The words that Dave Edwards uses about divinity “keep changing. Now I will have to look more closely at the name ‘Creator’. I like this excerpt from a reflection by Richard Wagamese in Embers: (even though he does use ‘Creator’): ‘Nowadays I figure life is pretty simple: Creator is everywhere and divine light shines through everything and everyone all the time. My work is to look for that light. In those fleeting, glorious instances when I see it, I am made more, right then, right there."
Mike Crockett, wrote from South Africa: “For myself God is a presence in the same sense as gravity, always present, yet seldom noticed -- until you fall of course. I am reminded of the Gk word for heaven = ouranou = space. God occupies air. And air is inside all things -- the tiniest electrons within an atom are hollow. So at the big bang God is within the very first of the post-singularity formation and explodes outwards from within the Universe that forms.”
Boyd Wilson shared his own creedal statement: “A year or two ago I caught myself being ever so self-righteous, condemning others' beliefs without critiquing my own. So I set out to write a personal creed devoid of the word ‘God.’ The long, convoluted result is in my archive, https://earthedspirit.wordpress.com/creed”
JT: I recommend reading Boyd’s creed at his link.
Isabel Gibson remembered “when I started to have trouble thinking of God as a ‘person’ -- an entity out there. Out where? And from where? And in what form? And so on. I wasn't in a church community at that point so I went to talk to the local university chaplain. He said my problem wasn't my concept of God but my concept of a person as something unitary and distinct. That's not what a person was! Imprisoned by words indeed.”
I asked Isabel for some clarification: “These days I lean more to your notions and take some interest in the emergent-God notion, but also read some traditional Catholic writing, because some of that resonates, too.
“As near as I recall, the chaplain’s point was that we think of ourselves as standalone entities, from our first memories to this moment and on into whatever future we have. This is me here; that's you over there; the boundaries are obvious. But he figured that we were so formed by our interactions with others (and in turn, forming them), then that this sense of unitary self was an illusion. Maybe almost a delusion. We're all just one big hairball?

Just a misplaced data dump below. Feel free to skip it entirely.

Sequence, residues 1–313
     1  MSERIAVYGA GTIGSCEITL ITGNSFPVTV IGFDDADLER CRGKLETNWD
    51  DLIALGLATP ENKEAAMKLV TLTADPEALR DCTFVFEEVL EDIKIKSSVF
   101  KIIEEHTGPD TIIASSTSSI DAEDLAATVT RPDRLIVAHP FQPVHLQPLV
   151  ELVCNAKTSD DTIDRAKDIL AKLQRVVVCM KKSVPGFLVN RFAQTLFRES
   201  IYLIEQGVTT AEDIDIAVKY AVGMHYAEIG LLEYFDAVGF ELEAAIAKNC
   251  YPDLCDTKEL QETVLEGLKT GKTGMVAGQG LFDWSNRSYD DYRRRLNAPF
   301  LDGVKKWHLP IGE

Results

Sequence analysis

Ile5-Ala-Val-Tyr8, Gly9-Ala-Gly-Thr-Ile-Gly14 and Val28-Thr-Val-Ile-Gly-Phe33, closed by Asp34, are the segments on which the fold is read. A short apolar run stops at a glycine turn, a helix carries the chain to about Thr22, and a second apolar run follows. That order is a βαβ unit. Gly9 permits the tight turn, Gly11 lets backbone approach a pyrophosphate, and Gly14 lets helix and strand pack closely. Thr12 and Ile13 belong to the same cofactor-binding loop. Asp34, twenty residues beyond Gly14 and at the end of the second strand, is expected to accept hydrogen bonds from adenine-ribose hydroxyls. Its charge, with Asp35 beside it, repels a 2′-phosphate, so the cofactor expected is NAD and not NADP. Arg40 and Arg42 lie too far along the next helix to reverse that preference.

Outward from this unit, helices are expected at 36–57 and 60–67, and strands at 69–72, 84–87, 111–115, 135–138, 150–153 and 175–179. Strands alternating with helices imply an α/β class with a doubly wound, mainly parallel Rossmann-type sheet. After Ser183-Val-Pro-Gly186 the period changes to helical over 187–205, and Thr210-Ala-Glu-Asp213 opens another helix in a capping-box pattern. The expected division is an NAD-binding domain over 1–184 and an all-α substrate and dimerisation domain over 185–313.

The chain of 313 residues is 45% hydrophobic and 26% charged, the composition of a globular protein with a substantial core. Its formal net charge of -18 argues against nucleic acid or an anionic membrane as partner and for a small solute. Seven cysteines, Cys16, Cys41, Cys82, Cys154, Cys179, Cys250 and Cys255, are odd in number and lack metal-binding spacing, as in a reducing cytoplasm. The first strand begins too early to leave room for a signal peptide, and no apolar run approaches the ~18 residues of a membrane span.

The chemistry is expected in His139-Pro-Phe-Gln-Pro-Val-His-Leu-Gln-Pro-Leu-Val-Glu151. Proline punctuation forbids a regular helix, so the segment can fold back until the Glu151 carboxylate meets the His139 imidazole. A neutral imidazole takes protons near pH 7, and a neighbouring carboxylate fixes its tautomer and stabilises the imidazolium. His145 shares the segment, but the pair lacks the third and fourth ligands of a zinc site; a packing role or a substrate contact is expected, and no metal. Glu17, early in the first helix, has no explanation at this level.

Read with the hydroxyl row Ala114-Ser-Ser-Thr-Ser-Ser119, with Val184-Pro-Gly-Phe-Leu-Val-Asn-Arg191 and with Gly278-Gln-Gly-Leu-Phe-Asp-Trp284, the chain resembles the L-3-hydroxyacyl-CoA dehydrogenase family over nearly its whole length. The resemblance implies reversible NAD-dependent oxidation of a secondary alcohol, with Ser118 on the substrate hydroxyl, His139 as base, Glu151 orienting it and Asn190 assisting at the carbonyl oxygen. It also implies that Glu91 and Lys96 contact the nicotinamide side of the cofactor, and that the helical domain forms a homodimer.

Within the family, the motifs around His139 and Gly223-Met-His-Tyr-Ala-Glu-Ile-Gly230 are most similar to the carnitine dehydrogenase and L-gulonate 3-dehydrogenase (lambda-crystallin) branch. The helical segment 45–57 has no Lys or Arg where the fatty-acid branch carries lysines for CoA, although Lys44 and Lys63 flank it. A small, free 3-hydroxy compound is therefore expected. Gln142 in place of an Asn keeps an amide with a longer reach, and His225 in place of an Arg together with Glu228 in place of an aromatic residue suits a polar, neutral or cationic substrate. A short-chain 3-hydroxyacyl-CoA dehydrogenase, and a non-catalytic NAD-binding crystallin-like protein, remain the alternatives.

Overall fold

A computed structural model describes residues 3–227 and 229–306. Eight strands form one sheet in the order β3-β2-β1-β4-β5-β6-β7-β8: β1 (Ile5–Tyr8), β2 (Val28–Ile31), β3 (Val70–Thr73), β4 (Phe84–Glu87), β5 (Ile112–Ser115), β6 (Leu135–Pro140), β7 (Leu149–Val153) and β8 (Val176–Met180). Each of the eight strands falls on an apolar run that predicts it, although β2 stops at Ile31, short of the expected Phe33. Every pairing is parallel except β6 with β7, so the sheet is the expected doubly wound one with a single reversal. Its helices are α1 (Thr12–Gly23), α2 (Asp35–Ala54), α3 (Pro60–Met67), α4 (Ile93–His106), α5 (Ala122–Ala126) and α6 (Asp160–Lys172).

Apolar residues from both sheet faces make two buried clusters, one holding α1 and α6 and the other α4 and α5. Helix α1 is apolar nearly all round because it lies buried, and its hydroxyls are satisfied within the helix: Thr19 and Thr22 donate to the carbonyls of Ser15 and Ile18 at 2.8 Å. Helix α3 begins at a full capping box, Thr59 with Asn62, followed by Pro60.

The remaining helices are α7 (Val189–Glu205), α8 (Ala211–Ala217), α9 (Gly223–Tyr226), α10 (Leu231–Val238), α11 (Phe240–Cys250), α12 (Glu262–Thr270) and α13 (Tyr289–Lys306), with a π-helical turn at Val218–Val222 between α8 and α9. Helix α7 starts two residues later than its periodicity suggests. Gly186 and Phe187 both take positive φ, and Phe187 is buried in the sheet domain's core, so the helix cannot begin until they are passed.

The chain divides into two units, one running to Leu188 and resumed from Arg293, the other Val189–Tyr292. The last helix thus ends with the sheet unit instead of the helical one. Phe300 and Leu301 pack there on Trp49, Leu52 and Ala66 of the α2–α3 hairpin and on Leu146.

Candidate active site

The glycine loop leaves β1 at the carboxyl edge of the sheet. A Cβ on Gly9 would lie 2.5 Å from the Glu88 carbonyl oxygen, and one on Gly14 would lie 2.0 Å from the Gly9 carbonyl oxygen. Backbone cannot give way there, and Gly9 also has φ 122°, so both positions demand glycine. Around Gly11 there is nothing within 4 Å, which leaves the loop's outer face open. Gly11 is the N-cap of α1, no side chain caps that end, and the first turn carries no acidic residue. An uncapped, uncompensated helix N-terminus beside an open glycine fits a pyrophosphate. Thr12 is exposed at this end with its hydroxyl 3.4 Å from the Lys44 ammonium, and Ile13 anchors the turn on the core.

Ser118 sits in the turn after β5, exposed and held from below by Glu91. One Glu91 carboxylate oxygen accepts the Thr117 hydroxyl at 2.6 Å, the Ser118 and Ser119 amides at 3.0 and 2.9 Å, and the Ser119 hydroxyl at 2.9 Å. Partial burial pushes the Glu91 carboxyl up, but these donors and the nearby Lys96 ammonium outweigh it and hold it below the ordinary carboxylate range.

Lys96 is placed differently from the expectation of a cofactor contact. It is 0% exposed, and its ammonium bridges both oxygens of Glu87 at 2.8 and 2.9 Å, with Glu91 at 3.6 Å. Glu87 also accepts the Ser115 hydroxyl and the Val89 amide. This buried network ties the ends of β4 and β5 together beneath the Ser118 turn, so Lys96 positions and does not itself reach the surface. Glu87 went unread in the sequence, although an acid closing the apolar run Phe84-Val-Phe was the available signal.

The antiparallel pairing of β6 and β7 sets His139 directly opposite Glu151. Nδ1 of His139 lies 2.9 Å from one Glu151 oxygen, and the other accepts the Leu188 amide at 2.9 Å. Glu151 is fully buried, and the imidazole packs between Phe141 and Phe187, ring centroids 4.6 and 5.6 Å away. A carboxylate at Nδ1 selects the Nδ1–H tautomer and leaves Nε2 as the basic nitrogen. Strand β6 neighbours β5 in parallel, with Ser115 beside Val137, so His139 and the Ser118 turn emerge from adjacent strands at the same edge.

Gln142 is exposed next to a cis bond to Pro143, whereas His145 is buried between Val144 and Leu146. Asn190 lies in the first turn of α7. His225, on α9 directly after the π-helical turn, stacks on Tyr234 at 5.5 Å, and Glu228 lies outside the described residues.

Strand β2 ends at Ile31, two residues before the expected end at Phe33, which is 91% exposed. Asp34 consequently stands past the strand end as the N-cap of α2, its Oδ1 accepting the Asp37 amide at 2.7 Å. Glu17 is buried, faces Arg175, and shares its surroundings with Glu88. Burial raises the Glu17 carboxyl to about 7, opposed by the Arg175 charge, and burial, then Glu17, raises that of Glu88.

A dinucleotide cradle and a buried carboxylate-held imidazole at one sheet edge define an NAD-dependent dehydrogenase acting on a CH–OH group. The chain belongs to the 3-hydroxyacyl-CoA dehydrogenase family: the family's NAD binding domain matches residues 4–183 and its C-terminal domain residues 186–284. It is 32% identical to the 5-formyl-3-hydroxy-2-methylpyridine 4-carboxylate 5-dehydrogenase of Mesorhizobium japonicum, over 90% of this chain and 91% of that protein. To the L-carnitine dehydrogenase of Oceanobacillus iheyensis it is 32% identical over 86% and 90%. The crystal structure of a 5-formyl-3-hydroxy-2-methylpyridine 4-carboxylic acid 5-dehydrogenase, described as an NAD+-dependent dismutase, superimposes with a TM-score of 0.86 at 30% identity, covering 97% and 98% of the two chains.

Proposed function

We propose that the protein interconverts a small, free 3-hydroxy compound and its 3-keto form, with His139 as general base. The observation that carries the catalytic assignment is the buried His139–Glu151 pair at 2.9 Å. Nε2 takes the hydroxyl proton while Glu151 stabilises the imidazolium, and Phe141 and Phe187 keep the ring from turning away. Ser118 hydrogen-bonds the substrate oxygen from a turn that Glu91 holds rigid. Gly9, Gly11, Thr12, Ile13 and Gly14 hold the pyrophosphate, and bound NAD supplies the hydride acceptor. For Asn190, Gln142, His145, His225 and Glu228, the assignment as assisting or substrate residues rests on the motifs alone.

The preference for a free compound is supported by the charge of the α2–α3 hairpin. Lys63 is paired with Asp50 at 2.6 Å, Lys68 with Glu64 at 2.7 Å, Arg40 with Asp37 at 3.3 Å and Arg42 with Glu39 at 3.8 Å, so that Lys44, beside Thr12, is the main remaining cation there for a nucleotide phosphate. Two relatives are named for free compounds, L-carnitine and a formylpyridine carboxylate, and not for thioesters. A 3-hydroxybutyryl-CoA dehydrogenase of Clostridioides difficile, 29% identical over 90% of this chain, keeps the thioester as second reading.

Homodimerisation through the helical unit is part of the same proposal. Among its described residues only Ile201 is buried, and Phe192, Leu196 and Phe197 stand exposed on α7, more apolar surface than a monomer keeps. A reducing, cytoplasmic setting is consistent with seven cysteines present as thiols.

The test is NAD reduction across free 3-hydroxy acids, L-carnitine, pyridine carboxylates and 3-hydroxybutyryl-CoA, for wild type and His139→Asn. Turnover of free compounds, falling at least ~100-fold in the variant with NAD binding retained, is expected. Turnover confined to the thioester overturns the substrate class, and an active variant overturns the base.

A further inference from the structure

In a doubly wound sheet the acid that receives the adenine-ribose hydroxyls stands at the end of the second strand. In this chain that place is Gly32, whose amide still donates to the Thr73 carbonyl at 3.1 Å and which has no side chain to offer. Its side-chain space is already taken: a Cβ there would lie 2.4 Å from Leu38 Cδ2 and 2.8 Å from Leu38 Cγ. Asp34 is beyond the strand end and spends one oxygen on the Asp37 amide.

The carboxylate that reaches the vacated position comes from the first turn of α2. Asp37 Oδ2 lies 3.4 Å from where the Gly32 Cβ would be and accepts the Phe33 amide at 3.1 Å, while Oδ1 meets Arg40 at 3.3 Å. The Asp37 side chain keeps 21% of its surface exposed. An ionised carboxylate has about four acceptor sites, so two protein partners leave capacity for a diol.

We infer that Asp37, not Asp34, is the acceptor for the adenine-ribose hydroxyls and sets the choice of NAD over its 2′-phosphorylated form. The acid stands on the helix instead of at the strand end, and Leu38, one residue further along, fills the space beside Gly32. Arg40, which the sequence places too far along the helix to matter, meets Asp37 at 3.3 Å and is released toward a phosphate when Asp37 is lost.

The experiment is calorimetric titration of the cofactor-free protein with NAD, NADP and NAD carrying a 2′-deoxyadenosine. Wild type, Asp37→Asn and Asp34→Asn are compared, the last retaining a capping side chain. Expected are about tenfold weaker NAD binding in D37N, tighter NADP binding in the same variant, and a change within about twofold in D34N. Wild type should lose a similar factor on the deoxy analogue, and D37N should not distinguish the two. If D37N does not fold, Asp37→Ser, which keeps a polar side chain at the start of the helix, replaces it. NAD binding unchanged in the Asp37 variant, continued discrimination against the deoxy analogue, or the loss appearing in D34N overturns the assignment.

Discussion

“So it wasn't just that God wasn't a person in the sense of a stand-alone entity -- neither was I or anyone.
“I think this gets close to what you've described as God being in the interactions and connections.”
Psalm 139 is, for me, one of the really great psalms. I’m not convinced this paraphrase does it justice, but here it is anyway.
1 I am transparent to you, God.
You can see right through me.
2 I can hide nothing from you.
You read my body language, and detect my deepest feelings.
3 The tiniest quirks of my handwriting reveal everything that's going on inside me.
4 You know what I'm going to say before I've thought it through.
5 I look around at the world, and you are there;
I look within my psyche, and you are there;
Emotion and intellect are one to you.
6 You know me better than I know myself.
I could not stand knowing myself that well --
I need some hidden corners still to discover, some mysteries still to unfold.
13 No wonder you know me so well, God.
Even before my mother knew she was pregnant, you wrote the genetic code of my cells.
14 You created my life.
15 Wombs and worlds are one to you; they have no secrets from you;
you are the essence of all life.
16 As once you shaped the cells that formed my fingernails and my hair, so you still guide me through the events of each day.
17 Even if I am only a fleeting thought flickering through your mind, I am in good company.
18 All of creation owes its existence to you, God.
I can no more imagine your thoughts than I can recall every detail of my dreams.
But you are not a dream, for when I wake, you are still with me.
For paraphrases of mostof the psalms used by the Revised Common Lectionary, you can order my book Everyday Psalmsfrom Wood Lake Publishing, email@example.com.
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Ralph Milton’s latest project is a kind of Festival of Faith, a retelling of key biblical stories by skilled storytellers like Linnea Good and Donald Schmidt, designed to get people talking about their own faith experience. It’s a series of videos available on Youtube. I suggest you start with his introductory section: https://www.youtube.com/watch?v=7u6qRclYAa8
Ralph’s “Sing Hallelujah” -- the world’s first video hymnal -- is still available. It consists of 100 popular hymns, both new and old, on five DVDs that can be played using a standard DVD player and TV screen, for use in congregations who lack skilled musicians to play piano or organ. The original website has been closed down, but you can still order the DVD set through Wood Lake Publications, info@woodlake,com
Wayne Irwin's “Churchweb Canada,” an inexpensive service for any congregation wanting to develop a web presence, with free consultation. http://wwwDOTchurchwebcanadaDOTcaHe’s also relatively inexpensive!
I recommend Isabel Gibson’s thoughtful and well-written blog, wwwDOTtraditionaliconoclastDOTcom. She also has lots of beautiful photos. Especially of birds.
Tom Watson writes a weekly blog called “The View from Grandpa Tom’s Balcony” -- ruminations on various subjects, and feedback from Tom’s readers. Write him at tomwatsoATgmailDOTcom (NB that’s “watso” not “watson”)
ALVA WOOD’S ARCHIVE
I have acquired (don’t ask how) the complete archive of the late Alva Wood’s collection of satiric and sometimes wildly funny columns about a mythical village’s misadventures. I’ve put them on my website: http://quixotic.ca/Alva-Wood-Archive. You’re welcome to browse. No charge.